[caption id="attachment_13335" align="alignnone" width="640" caption="Gloria Estefan performs at the NCLR ALMA Awards, Santa Monica, CA, September 2011. Photo: Jesse Grant/Getty Images"][/caption]
Gloria Estefan's 14th studio album, Miss Little Havana, could have been sad. A 15-track return to her dance roots (out Sept. 27 on Verve Forecast) that features nine collaborations with Pharrell Williams, Havana seems desperate for attention and calculated for the prized "WTF?" response. After all, Estefan hasn't had a Top 40 hit in the U.S. since 1998's "Heaven's What I Feel," and it's been more than 20 years since she was in the Top 10 (with the No. 1 hit "Coming Out of the Dark"). Pharrell's not quite the hitmaker he once was, either, so Estefan ran the risk of not just seeming desperate by working with the Neptune, but also out of touch.
But this project is a product of Pharrell's vision, who reached out to Estefan (not vice versa), she explained to a room full of journalists in New York's Universal building Wednesday. And that makes all the difference. Havana is not the result of some sort of desperate bid for relevance – it's too relaxed, self-assured and, frankly, odd for that. Winding through decades of Latin dance music, Pharrell opts for a bottom-heavy sparseness that flirts with salsa ("Say Ay"), merengue ("Wepa," which has a speedy, Maluca-esque vibe) and freestyle ("Miss Little Havana"). The result is Pharrell in all of his spacious glory, playing with percussive textures and horn flare-ups like "Drop It Like It's Hot" and "Hollaback Girl" just happened.
Estefan explained that she pushed Pharrell to employ live instrumentation, and Havana alternately sparkles with cowbell and slams with conga realness. For his part, Pharrell chose lower keys to focus on Estefan's contralto, adding what she deemed a "sultry" vibe. "Somehow all the lyrics ended up being about sex or dancing. Or both," she laughed. But again, there was no second-hand embarrassment to be had. (If anything, more 54-year-old women should be talking about sex to shock society with the realization that 54-year-old women have sex.) In the track "On," Estefan sings, "Come over here, I'm going to spank you," in Creole. Her collaborator on that track, Black Dada, was apprehensive about asking her to do this, but had no reason to be: "I'll sing anything at this point," said Estefan. Again, there was no sign of desperation; it was clear from her tone that this was to say that she doesn't take herself so seriously.
Listening to Esefan talk about this album suggested that so many records would benefit from a commentary track. She talked about how drag queens should be all over the non-Pharrell production "Hotel Nacional," and how fun it was to rhyme "hoochie coochie" in the lyrics of the track (SPOILER ALERT: "Susan Lucci," "Yamaguchi" and "Bertolucci," are her choices), which vacillates between a pop trance breakdown and Cajmere-style horny house. Estefan described the R3hab Remix of "Wepa" as "blown-up merengue/urban/drunk-guy-on-the-trombone," and explained that perpetual gentleman Pitbull took four days to get his 16 guest bars perfect. She said that Pharrell's stringy disco highlight "Right Away" goes from "really sweet to straight-up nasty." "Nasty," in this case, means the drums get big, not that she flips into 2 Live Crew-approved musical booty floss (in fact, bass music is a disappointing omission from an album about the sounds of Miami).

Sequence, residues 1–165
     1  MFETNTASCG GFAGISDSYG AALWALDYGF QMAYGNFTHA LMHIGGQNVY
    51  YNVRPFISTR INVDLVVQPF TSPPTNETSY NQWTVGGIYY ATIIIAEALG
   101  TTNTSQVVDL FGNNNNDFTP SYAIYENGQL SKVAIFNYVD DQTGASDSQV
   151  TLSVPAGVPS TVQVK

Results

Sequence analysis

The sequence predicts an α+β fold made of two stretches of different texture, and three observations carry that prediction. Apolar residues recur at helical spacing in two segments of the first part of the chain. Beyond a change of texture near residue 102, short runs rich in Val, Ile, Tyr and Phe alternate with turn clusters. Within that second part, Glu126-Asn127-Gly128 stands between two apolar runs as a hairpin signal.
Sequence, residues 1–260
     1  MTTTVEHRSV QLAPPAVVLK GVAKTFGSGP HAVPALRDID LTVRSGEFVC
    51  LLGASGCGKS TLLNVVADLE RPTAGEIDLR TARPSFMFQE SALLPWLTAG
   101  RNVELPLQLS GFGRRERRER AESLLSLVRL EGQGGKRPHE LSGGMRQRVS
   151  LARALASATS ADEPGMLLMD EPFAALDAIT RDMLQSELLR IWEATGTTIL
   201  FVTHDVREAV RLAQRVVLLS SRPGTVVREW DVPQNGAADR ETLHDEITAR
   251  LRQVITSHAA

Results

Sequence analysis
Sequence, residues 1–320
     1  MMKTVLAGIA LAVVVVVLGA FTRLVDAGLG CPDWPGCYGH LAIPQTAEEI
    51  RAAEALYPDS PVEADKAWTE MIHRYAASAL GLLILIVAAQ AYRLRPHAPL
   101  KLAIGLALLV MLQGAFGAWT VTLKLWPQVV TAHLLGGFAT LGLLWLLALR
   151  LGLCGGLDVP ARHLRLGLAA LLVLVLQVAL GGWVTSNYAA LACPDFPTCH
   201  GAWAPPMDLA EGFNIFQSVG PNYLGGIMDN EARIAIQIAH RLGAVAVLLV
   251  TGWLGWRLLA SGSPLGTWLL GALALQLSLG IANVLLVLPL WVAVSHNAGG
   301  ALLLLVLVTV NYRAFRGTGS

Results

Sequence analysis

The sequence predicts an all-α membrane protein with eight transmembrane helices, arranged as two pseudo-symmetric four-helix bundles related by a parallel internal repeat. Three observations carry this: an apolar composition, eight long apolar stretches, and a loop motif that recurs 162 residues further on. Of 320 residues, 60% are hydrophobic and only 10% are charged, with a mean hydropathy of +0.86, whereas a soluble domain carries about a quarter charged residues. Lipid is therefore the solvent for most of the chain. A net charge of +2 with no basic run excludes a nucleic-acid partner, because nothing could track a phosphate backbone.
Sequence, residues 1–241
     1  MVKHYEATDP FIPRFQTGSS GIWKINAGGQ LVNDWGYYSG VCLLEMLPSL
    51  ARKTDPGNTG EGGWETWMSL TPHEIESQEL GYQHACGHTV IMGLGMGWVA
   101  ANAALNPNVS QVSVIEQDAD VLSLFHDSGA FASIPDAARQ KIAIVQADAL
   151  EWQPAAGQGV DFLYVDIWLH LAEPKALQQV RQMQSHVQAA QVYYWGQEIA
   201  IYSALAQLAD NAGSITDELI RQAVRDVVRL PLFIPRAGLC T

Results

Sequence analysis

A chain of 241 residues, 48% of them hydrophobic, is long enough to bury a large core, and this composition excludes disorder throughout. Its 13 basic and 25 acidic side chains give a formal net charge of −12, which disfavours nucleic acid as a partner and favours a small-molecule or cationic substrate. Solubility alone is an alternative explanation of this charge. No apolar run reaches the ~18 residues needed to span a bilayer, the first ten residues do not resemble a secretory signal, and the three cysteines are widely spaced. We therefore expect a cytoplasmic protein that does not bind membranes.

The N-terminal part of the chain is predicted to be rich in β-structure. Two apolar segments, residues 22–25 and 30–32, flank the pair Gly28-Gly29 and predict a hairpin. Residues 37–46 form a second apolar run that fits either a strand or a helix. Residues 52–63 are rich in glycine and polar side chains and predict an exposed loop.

Estefan admitted that she doesn't pay attention to trends and stays away from contemporary pop music well in advance of recording an album. That she at other points referenced Extreme (twice!) and Living Color as evidence of her wide musical taste would suggest that she indeed stays far away from contemporary pop. And, for the nine Pharrell collaborations, this is believable and it's frankly amazing that she could figure out a way to be working in the currently lucrative field of dance-pop and not sound like everything else. The only problem is that much of the remaining material does sound like everything else; despite persistent Latin flourishes, the album devolves into big and screechy trance (and closing things out is a cover, of sorts, of the Jennifer Lopez song Estefan originally wrote, "Let's Get Loud").
I asked Estefan about her thoughts on dance music, since she's releasing a dance album in a dance-obsessed time. She said that she had first-hand experience with dance stretching across languages and continents, and really reaching people. "Rhythm is gonna get you," is how she explained it, invoking 24-year-old words.
It's true, but it's going to be an uphill battle for her to get this album heard – it might even have more of a shot if it were released anonymously, ageism being the cultural force that it is. Estefan's voice, too, is brassy for contemporary taste, but she seemed aware of all this, too, genuinely puzzled over the youth of her Twitter followers ("Wait, did your parents indoctrinate you?" she wondered aloud). Still, there is something youthful about the exuberance present on Miss Little Havana: the songs sparkle with a joy that's been largely missing from pop for a good amount of time (not for any lack of effort on Beyoncé's part). Of this, Estefan said, "We need fun." On Miss Little Havana, it's there for the taking.
Rich Juzwiak is a writer and video editor whose work has appeared in the Village Voice, Jezebel, and on This American Life. He runs the pop culture blog fourfour.